Also significant, it seems to me, was the fact that although I
deeply felt my father’s absence (he used to take me to church—I remember standing beside him afterwards as he greeted parishioners—and he used to drive me in his Model-T Ford), I continued to live with a hopeful trust. This stems, I now believe from the fact that my mother provided what Erik Erikson describes as “trustworthy contemporary surroundings; and an all-enveloping world image typing past, present and future into a convincing pattern of providence.”
Therefore, although childhood was full of conflicts—the Japanese occupation, the loss of my father, even the witnessing of stark brutality, cruelty, killings and public executions—it was in a strange sense of happy and peaceful time. I believe that my mother set the stage for tranquility and happiness amidst nightmarish and turbulent realities. I learned from her exemplary life to internalize my own faith and confidence in the future—despite an uncertain present.
Interests and activities:
networking with peace and justice people, photography, bicycling, camping, travel, cooking get together with friends
Something you didn't know about me:
I am Asian-American
How I found mepeace.org:
through my friend George Rishmawi
What I want to achieve here:
networking with peace and justice people--to work for peace and justice...in Israel, Palestine, Iraq, and wherever there is injustice....
The sting of all problems between Israeli and Palestinians lays in the Old City of Jerusalem. Her status has to be solved in such a way, that all parties fighting for control over her can agree upon.
On June 24, the ‘Big Hug’ will be hold in Jerusalem. Light workers from Israel, Palestine and from all over the world, ‘Lovers of Jerusalem’, will come together to bring warmth and energy to this city, embracing holding hands the Old City. If we bundle all our positive energies and bring these to Jerusalem, we can create peace to this exceptional place.
We are organizing the Big Hug to make the people aware –especially the Israeli and Palestinian inhabitants of Jerusalem- that there is a very shaped perspective for the city of Jerusalem as a city of peace: a new, undivided Jerusalem, as the capital of Palestine, Israel and at large.
Let go of the conflict concerning her command and dedicate the city to the Omnipresent. The Old City as a whole is His Temple. To give the walled Old City free to God, as a "Status Apart”, as an independent city, will be the most feasible way to come out the current impasse.
The Old City of Jerusalem must become an open city; a House of Prayer for all the Peoples. This perspective is written down in the Holy Books, this is the perspective we, as ‘Lovers of Jerusalem’ embrace as well as solution. But how many people does already notice this hopeful point of view?
What I saw in Jerusalem and also everywhere else where I meet Islamic and Jewish people is, that not so many persons really think about a future for Jerusalem. Most of the time, they stick with old ideas that the Old City of Jerusalem will always remain a part of Israel, or in opposite, that it will be absolutely a part of a new Palestinian state, as stolen land that has to be given back. With these visions, a future Jerusalem will be a divided city with an East Palestinian and West Israeli part, with barbed wire and checkpoints in between, like the situation of the city from 1948-1967. Or, coming closer to an agreement, people suggest -like proposed in the “Geneva Accord” in 2003- to make a complicated dividing of the Old City in a Israeli and Palestinian part. That will mean that the small alleys will be split by walls and barriers too. The idea that a future Jerusalem will become a divided city, is something that we have to prevent.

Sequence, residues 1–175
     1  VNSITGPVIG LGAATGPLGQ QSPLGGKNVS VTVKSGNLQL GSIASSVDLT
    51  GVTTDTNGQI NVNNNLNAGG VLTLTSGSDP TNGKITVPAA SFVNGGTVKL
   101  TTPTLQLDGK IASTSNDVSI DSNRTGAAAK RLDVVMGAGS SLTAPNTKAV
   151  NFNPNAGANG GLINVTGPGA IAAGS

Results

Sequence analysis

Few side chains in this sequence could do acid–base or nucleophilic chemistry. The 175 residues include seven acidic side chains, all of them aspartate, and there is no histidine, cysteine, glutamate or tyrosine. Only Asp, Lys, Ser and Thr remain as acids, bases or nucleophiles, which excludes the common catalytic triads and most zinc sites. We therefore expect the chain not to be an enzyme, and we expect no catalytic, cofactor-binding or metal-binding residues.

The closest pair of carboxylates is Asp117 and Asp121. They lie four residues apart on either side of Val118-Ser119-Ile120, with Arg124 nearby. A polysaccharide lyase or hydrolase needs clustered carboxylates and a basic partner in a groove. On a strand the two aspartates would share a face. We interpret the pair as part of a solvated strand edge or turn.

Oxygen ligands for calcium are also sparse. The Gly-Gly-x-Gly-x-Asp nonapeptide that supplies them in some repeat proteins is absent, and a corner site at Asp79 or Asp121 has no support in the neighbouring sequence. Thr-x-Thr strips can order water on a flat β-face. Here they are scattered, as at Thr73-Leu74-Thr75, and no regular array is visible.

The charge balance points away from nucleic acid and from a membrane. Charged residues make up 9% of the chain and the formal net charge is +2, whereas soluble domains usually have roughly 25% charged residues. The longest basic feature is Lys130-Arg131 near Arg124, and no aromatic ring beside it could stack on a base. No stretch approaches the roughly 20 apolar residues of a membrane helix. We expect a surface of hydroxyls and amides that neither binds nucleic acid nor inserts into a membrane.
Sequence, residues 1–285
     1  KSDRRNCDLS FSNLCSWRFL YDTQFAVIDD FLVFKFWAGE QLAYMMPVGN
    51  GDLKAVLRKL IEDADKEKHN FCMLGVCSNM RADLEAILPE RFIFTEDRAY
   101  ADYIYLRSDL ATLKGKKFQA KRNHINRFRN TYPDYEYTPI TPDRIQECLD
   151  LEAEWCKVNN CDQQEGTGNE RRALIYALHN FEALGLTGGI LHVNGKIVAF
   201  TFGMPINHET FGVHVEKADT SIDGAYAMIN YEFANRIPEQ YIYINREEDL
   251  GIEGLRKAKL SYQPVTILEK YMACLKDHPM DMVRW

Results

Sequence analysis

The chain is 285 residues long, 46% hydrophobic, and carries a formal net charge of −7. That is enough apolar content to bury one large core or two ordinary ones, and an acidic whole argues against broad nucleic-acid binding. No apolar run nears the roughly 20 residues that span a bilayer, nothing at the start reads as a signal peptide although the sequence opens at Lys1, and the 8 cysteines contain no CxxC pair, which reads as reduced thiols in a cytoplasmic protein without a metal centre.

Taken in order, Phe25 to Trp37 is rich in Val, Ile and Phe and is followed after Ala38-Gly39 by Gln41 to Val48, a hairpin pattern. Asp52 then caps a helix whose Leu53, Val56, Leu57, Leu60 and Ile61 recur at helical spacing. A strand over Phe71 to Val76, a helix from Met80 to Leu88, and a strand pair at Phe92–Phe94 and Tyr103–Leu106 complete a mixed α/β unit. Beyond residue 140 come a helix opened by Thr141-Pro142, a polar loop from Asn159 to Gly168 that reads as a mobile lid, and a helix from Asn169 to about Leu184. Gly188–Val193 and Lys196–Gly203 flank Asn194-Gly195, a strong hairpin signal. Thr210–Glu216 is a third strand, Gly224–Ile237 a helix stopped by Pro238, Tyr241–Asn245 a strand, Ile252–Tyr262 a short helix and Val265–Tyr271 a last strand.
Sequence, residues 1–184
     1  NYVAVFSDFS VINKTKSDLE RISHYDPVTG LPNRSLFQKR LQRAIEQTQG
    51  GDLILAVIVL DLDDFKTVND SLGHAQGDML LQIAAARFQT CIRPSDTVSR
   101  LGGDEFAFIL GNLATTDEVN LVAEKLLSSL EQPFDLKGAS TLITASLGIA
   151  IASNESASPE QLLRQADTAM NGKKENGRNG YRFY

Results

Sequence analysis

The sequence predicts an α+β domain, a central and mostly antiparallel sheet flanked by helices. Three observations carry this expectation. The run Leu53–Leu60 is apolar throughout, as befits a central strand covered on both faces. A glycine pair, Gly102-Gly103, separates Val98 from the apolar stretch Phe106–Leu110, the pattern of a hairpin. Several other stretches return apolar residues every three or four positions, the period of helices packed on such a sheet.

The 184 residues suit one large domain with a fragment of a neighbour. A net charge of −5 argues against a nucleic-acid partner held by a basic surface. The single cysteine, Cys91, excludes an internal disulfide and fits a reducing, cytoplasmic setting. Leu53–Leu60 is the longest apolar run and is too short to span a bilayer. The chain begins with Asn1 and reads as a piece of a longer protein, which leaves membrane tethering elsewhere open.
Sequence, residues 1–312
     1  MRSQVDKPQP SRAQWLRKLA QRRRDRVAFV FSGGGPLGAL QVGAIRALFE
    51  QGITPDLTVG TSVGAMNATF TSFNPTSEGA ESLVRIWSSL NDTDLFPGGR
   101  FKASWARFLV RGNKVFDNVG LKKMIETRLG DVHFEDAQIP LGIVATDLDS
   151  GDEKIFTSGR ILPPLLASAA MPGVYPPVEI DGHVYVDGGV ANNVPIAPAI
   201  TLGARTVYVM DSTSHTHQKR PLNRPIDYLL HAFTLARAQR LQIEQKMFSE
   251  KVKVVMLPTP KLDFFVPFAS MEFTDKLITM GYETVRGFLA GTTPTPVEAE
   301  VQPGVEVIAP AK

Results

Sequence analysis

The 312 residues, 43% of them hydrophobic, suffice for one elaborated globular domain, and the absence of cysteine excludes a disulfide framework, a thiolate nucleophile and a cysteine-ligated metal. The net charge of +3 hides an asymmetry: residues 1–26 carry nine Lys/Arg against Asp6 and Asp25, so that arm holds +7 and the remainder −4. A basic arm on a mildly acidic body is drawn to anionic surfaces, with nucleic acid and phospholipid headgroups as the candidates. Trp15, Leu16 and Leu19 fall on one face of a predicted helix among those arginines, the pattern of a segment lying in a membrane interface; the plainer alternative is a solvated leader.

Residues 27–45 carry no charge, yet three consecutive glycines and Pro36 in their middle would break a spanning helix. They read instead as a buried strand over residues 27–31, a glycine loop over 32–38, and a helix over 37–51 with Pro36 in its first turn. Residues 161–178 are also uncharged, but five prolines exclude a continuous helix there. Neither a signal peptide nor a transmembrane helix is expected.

There are living about 250.000 Palestinian and 500.000 Israeli rather close together in one city. Do they want to make a separation of Jerusalem in parts or do they choose, deep in their hearts, for unity? So my best friends, it is our task to inform the whole city that there is an alternative for the Jerusalem of today.
All lovers of a united Jerusalem will come together to encircle and embrace the Old City of Jerusalem with love and devotion. We have to encourage all inhabitants of Jerusalem to join the coming Big Hug, with the idea of a New Jerusalem that might be realized with their support.
Rob Schrama Phone:0031-646608660 www.loversofjerusalem.org
Thank you very much for your letter. It is great that you love Taybeh (Taibeh), I hope that both of us know that we are talking about Taibeh in the center of Israel.
Please visit this web site: www.baehd.org
Thanks for your friendship, Max, it's an honour for me. And it was so kind to write some words in french. I don't know your nice country and i hope i'll visit Indonesia on day. Have a nice day, Vincent
I was happy for your message to me since about a week ago but unfortunately I could not follow my site after i started discussion entitled Drama in Gaza .
You asked about my reaction of the article to Jeff.
I wonder, may i understand that the moderate leaders here in palestine are failing their people and the extremist groups are to serve the interests of the people ???????????????????
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I am happy that you are part of mepeace.
I love that we can communicate !
So much is possible here)))))))))))))))))))))))))))))))
You may already know about it, but just in case it’s something that would benefit you…
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Greetings Max, I would love to keep contact too. I see so much similarities between you and my mother! Even your both birthdays are the same , October 17!
Her family often went to Boggor in the summer, because at that time Batavia was too hot. I wonder if you might have known each others families.